Are rearmed contras for real?

PRN thinks grumblings of rebellion in the “contra corridor” could provide their party with an opportunity to channel discontent into political capital

The recent execution of rearmed contra fighter Santos Guadalupe Borge—aka “Pablo Negro”— could give new political purpose to the contras’ mercurial and wilted Nicaraguan Resistance Party (PRN).

PRN national secretary Roberto Ferrey says the killing of Pablo Negro and the alleged return to arms of other contra guerrillas is challenging his emasculated party to break from its alliance with the ruling Sandinista Front and assume a stronger leadership role among its more truculent constituents in the so-called “contra corridor.”

“If the Sandinistas continue to close civic spaces, it will boomerang against them and become fertilizer for rebellion,” Ferrey told The Nicaragua Dispatch. “If the PRN runs alone in the 2012 municipal elections, we could offer our people their own candidacies and become the emerging opposition party. This could be the rebirth of the PRN.”

The PRN’s last attempt to run independently ended in embarrassment, when the divided contra party won less than 2% of the vote in the 2008 municipal elections and was unable to elect a single mayor. But given the otiose condition of Nicaragua’s other political parties, the PRN thinks it has as good a chance as ever to harness discontent among former contras and unify its old base into viable political alternative.

If the reports of contra rearmament bruited through the countryside are within the normal margins of embellished, the PRN will have to act quickly to keep discontent from becoming rebellion.

“The situation is getting worse,” Catholic Bishop Juan Abelardo Mata told The Nicaragua Dispatch by phone from his diocese in Estelí. “The campesinos now talk of four rearmed groups, including one that has 60 men.”

Monsignor Mata said the rumors of rearmed contra groups started “after the electoral fraud of the 2008 municipal elections,” but recently “the reports are multiplying.”

Worse yet, Mata says, the rearmed groups are apparently receiving some sort of aid or financing from unknown sources.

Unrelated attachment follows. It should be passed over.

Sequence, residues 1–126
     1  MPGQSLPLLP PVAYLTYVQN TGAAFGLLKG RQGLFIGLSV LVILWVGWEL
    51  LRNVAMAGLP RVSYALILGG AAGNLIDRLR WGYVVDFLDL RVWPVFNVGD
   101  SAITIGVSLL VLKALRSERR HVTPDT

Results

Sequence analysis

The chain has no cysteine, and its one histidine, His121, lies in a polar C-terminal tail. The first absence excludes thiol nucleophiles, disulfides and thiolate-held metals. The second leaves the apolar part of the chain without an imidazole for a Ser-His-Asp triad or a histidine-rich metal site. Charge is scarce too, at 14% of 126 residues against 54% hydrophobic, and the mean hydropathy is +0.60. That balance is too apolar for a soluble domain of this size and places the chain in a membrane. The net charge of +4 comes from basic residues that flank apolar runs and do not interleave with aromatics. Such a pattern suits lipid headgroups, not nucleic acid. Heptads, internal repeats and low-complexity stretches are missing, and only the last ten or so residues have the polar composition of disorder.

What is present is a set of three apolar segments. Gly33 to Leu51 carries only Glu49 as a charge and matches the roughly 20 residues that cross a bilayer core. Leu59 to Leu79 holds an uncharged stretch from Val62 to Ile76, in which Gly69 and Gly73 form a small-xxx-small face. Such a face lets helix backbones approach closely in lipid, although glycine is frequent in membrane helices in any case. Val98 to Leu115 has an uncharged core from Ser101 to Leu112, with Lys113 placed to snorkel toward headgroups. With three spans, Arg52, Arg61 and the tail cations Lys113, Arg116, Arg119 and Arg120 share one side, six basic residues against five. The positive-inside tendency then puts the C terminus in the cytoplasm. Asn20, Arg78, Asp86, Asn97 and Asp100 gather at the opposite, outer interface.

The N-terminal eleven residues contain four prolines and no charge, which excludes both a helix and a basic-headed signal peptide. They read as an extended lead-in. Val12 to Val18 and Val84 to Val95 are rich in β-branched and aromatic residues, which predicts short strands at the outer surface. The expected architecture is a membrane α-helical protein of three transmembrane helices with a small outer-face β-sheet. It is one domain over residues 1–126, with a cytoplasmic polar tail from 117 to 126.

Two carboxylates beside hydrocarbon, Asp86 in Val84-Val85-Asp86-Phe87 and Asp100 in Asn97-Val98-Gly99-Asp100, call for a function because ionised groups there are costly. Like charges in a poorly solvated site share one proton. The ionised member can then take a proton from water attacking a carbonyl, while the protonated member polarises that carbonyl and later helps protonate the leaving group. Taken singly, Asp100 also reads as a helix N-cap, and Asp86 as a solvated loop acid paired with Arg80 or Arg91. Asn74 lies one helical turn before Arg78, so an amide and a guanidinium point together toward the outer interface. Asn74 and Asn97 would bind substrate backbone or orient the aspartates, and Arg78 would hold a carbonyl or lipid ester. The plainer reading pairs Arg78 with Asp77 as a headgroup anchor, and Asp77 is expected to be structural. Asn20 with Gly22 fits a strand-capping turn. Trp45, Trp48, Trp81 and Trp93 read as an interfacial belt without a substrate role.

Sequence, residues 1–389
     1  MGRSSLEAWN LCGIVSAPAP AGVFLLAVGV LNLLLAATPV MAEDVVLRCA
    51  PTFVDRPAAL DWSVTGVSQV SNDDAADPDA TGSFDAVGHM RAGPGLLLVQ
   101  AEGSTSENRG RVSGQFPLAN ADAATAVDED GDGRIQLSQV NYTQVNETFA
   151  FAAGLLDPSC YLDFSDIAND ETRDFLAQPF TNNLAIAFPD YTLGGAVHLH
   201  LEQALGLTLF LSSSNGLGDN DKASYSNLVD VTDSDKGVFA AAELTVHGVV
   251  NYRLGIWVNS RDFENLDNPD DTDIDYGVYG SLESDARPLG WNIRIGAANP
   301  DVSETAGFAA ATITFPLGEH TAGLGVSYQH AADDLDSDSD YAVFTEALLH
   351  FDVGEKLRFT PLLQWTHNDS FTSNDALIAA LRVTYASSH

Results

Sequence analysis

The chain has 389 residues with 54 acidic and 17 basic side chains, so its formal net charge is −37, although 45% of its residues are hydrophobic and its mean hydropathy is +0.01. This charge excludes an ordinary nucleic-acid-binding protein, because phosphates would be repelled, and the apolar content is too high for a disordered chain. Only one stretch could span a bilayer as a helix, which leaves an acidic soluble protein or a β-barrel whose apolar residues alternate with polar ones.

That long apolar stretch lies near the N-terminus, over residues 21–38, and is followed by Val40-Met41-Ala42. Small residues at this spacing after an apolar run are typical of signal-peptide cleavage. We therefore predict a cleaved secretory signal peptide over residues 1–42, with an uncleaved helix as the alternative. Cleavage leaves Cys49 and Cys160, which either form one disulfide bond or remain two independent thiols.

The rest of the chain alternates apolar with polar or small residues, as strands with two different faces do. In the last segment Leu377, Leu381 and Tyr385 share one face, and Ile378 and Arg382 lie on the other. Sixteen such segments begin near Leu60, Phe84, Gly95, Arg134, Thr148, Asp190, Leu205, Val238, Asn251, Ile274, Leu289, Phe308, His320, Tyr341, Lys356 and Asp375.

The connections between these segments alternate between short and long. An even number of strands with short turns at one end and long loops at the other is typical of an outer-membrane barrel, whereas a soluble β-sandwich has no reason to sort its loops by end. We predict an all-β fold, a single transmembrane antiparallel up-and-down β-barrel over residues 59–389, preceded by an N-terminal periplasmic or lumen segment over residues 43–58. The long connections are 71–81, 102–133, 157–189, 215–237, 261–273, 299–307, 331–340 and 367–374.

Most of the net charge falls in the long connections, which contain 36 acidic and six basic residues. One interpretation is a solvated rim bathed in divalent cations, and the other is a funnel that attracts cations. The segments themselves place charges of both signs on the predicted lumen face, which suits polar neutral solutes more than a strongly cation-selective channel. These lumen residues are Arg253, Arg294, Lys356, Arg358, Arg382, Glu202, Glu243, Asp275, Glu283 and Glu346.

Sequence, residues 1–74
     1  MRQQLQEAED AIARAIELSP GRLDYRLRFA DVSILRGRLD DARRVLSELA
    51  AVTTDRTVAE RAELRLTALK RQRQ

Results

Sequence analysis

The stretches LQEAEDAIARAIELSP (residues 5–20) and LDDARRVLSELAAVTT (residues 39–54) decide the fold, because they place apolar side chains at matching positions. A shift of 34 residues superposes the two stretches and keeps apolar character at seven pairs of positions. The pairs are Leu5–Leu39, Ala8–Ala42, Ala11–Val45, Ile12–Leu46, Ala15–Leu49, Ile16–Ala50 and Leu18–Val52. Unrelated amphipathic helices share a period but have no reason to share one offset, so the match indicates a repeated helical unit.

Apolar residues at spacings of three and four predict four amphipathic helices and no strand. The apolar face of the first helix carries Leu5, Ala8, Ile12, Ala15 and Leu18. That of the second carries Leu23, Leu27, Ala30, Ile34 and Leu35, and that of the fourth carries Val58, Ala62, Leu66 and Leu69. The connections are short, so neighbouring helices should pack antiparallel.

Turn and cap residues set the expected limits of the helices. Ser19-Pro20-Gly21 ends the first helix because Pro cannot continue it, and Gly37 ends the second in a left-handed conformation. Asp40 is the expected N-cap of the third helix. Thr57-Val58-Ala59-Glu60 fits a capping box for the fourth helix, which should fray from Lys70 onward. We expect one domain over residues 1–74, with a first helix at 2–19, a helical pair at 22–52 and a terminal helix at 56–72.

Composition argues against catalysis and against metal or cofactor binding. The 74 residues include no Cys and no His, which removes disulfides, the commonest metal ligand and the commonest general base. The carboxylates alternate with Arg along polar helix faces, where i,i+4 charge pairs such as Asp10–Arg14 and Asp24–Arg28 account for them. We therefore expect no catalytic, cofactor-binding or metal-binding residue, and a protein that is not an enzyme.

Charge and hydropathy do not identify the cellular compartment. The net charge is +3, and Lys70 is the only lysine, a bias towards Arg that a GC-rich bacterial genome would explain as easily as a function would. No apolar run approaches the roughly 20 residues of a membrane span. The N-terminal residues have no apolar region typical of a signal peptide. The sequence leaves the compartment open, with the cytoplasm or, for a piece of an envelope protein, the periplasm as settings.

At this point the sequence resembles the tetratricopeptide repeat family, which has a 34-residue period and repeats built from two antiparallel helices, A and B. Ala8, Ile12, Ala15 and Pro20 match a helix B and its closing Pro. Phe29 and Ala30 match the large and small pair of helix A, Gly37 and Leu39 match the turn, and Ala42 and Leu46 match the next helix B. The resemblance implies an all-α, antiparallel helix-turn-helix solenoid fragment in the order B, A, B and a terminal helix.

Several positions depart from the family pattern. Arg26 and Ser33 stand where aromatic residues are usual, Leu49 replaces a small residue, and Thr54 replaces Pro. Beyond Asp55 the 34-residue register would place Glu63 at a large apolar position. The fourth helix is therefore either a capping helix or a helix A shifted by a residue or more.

“They have to be getting funding from somewhere, because the campesinos tell us that the rearmed men have modern weapons, new boots and new uniforms,” Mata said. “Who is giving them this aid? Who knows?”

In the 1980s, the contras received millions of dollars in training, weapons, equipment and aid from the United States.

The government calls the outspoken bishop’s warnings ecclesiastic exaggeration. Nicaragua’s top brass, Gen. Julio César Aviles, says Mata is spreading “bad information.”

The Army firmly denies the existence of rearmed insurgents in Nicaragua. Aviles insists the armed groups are not guerrillas, rather small bands of bandits and cattle-rustlers involved in extortion, kidnapping and thievery.

“There are no politically motivated armed groups in the country,” Gen. Aviles told reporters last week. “Nicaragua does not have that situation. We have said that repeatedly and I say it again today.”

President Ortega, meanwhile, has not addressed the issue.

The bishop from Estelí calls the authorities’ continued denial a case of “terrible deafness” to the problems in the countryside. But he says increased police and army patrols in the northern zone indicate the authorities are more aware of the situation than they admit.

“The situation is delicate,” Mata says. “The government knows it has generated this problem, but they don’t want to admit it.”

How serious are reports of rearmament?

The ghastly discovery last week of Pablo Negro’s bloated and decomposing corpse has revived speculative claims about how many rearmed contras have returned to the mountains.

Killed. Rearmed contra leader “Pedro Negro” was found last week in ditch in Honduras with bullets in his head and abdomen (courtesy Roberto Portray)

Pablo Negro, a former contra fighter who last August returned to arms and his old nom de guerre, was found in a ditch in the Honduran border town of Las Manos, with a bullet in the head and another in the abdomen. His body was identified by family members in Tegucigalpa last Friday, and will be repatriated Monday for burial.